Man, I lost it.
“How much do you really need to use your knee?” the Doctor asked. “You can still do your job without doing squats.”
I’d been dealing with some pretty severe knee swelling for about 6 weeks before I finally went to the Doctor. We assumed it was meniscus related. He and I discussed the best-case scenario: quick surgery, 4-6 weeks of rehab, and back to business. No big deal, right?
Then the MRI results came back.
Grade 3 cartilage lesions, likely hereditary. Not caused by overuse or injury, and no great surgical options. Only in the left knee now, but it’ll be in both eventually. You can reduce the swelling and increase range of motion, but it’s always going to be there. Welcome to your new life.
I lost it.
I’m no stranger to injury. I studied anatomy and corrective exercise to help people work through precisely this sort of situation. When it hits you, however, the game changes.
When you deal with an injury of your own, no matter how minor, here are 6 steps that can help you come out stronger on the other side.
1. Give Yourself a Chance to Grieve.
There’s no sugar coating this: injuries suck. From the mild strains to major tears and dislocations, they freaking suck. And because of that, you gotta know it’s okay to be upset. It’s okay to get mad. It’s okay to be frustrated. Injuries rob from you; your time, your emotional energy, sometimes your livelihood. So take a moment for yourself. Get mad. Yell, scream, cry it out, whatever works for you. Take time to get it out of your system, because once you do, we’re moving on and not looking back.
- Take a second for yourself
- Know that it’s okay to be upset
- Grieve, get it all out, move on.
2. Use Your Support Network
There’s an immediate feeling of isolation that occurs after an injury, especially as all your workout buddies, running partners, teammates, etc, keep working and keep moving forward. But as tough as this may be, you have to remind yourself that you are not alone. Your workout buddies - your fitness support network - are rooting for your recovery just as much as you are. They want to know how you’re doing, they want to hear about your progress, they want to see you in the gym doing what you can. And they’re going to cheer you on every step of the way.
- You’re not alone.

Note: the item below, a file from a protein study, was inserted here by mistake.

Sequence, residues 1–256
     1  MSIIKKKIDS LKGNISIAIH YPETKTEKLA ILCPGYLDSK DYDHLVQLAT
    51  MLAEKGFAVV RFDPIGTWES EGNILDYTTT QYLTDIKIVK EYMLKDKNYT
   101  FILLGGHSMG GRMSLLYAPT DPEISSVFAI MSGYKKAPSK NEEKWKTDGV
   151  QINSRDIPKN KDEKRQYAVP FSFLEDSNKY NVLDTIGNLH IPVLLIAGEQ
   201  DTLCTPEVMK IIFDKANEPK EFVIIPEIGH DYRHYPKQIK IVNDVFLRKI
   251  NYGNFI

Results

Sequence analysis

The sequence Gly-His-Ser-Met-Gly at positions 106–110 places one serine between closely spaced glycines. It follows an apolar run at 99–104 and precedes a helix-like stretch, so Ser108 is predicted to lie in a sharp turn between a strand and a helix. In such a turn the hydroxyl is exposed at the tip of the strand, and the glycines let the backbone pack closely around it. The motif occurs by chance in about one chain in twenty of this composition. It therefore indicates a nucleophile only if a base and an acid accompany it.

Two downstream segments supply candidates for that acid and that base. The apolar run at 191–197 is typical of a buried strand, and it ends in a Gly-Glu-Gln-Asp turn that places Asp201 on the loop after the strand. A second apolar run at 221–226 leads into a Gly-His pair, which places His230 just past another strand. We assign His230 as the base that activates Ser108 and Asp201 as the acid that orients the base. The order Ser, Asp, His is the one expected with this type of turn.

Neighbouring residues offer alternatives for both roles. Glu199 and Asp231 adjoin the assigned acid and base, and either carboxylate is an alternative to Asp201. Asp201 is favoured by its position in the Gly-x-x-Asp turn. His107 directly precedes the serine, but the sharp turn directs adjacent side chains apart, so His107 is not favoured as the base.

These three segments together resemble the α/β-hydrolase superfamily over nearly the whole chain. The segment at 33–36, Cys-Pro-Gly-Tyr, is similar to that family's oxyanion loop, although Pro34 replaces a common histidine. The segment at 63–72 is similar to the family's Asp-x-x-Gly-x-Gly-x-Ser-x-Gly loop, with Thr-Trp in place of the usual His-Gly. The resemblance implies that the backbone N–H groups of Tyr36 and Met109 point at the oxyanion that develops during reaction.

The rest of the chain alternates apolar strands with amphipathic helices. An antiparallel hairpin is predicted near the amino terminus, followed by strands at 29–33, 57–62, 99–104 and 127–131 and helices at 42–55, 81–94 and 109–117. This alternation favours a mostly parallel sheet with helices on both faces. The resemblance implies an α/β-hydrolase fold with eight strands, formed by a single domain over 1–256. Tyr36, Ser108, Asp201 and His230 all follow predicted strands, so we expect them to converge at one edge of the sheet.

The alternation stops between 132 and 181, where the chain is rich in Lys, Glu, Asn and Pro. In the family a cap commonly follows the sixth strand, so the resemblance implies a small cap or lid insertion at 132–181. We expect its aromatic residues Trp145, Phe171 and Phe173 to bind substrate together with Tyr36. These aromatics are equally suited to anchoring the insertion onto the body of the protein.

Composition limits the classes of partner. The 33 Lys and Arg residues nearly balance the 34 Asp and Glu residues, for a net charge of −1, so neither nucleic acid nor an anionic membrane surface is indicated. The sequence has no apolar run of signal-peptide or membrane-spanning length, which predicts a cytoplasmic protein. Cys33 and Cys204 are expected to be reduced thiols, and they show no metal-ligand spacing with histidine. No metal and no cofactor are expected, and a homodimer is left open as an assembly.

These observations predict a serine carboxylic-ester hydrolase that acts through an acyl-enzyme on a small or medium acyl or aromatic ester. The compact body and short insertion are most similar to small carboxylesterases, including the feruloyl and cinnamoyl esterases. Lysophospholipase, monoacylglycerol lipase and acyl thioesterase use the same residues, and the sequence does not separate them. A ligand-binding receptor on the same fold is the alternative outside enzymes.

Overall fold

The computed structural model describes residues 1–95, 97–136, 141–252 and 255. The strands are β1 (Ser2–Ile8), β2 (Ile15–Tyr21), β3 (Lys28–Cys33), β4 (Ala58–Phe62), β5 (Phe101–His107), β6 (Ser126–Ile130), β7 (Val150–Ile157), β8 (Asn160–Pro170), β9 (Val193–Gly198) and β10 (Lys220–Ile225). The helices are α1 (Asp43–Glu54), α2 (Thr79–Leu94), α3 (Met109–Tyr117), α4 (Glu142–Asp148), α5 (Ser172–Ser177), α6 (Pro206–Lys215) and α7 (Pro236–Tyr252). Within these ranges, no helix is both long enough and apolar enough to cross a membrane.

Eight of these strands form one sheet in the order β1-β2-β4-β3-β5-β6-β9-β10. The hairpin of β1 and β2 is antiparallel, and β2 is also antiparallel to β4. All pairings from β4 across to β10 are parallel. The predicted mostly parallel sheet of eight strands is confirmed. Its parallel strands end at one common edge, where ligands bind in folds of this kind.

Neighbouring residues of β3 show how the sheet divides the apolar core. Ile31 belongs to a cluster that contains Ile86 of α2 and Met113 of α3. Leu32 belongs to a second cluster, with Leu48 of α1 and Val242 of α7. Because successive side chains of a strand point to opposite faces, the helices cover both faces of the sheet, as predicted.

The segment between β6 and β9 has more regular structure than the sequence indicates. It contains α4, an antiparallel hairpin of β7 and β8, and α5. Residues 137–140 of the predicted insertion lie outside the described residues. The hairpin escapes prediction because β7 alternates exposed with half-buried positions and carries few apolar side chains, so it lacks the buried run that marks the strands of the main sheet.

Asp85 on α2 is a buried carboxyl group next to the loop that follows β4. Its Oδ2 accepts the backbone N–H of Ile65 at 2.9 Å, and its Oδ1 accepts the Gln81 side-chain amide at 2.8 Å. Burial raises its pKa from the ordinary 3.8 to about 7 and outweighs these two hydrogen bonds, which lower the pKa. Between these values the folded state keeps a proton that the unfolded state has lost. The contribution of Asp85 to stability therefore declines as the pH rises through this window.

- The guys that cheered on your successes will get your back when you’re down.
- It can be tough, so lean on your workout buddies for support.
3. Don’t Be Afraid To Get Help
The swelling and pain associated with knee issue I mentioned earlier sidelined me from doing any knee flexion at all. No squats or lunges. Even getting up and down off the couch was difficult. But, not being able to do what I enjoyed ever again was not an option. I wanted to squat again; I just had to figure out how. So, I consulted with some folks who are way smarter than me. We came up with a program for eliminating the swelling while gradually increasing range of motion and even more gradually increasing the weight. The plan for getting my butt moving again included squatting to a certain dept for a handful of reps and waiting to see how the knee responded. If it didn't swell, I'd go a little deeper the next time. Once range of motion improved, we could very slowly and for only a few reps at a time start adding weight back on the bar.
It was slow and often tedious, but it was progress. And it certainly beat never squatting again.
- For most of us, this is uncharted territory.
- Seek help from the pros or from people who’ve been there before.
4. Make A Plan
After the swelling subsided and I was able to move again, I was still limited to partial depth air squats. Super lame. Anything below parallel caused my kneecap to shift laterally, the knee to swell, and the recovery process to essentially start over. So, for any squat workout, I had to get creative. I set up a crate with a stack of 10lb bumper plates behind me, which stopped me from getting too deep in the movement. Over the course of about 3 months, as strength and range of motion improved, I removed one plate at a time and tested the new depth under load. My goal became to remove 1 plate per week. Every plate was a huge victory. It was a slow but necessary process and gave me an avenue to focus my efforts. 3 months later and I was squatting to full depth. It would be another 3 months before I was able to put some significant weight on the bar, but every day was a step forward.
- Set incremental, achievable goals.
- Celebrate your successes.
5. Stay Connected To Your Gym, Sport or Training Program.
Because of my job as a personal trainer, I never had the ability to step away after the injury. Every day I was surrounded by people doing things I couldn’t do. At the time, it was frustrating. But in retrospect, seeing people work hard kept me amped about my own recovery. Remember, my goal was never to stop working; it was to find a way to work around the issue.
Depending on the severity of your injury, you may need time away to recover emotionally. When you’re ready, however, finding a way to engage as a spectator, coach, or cheerleader can keep you motivated to stay on track with your recovery. Rehabbing an injury can be a tedious process, and staying connected with what you love can keep you focused and on track.
- Find a way to stay involved in what you enjoyed doing before the injury.
- If that’s not possible, physically or emotionally, find another outlet for your energy.
6. Take it slow.
Admittedly, this one was a tough one for me. I suffered more than a few small setbacks because I rushed the recovery program. These things happen. I felt good at the time and wanted to see what the new limits were. Well, each time I overreached meant an extra week of rehab. Not fun. So, as much as you may want to rush back, take it slow. Think about the long game and not the moment right in front of you.
- You’ve got a plan. Stick to it.
- Slow and steady wins the recovery race all day.
NASM - CPT, CES, FNS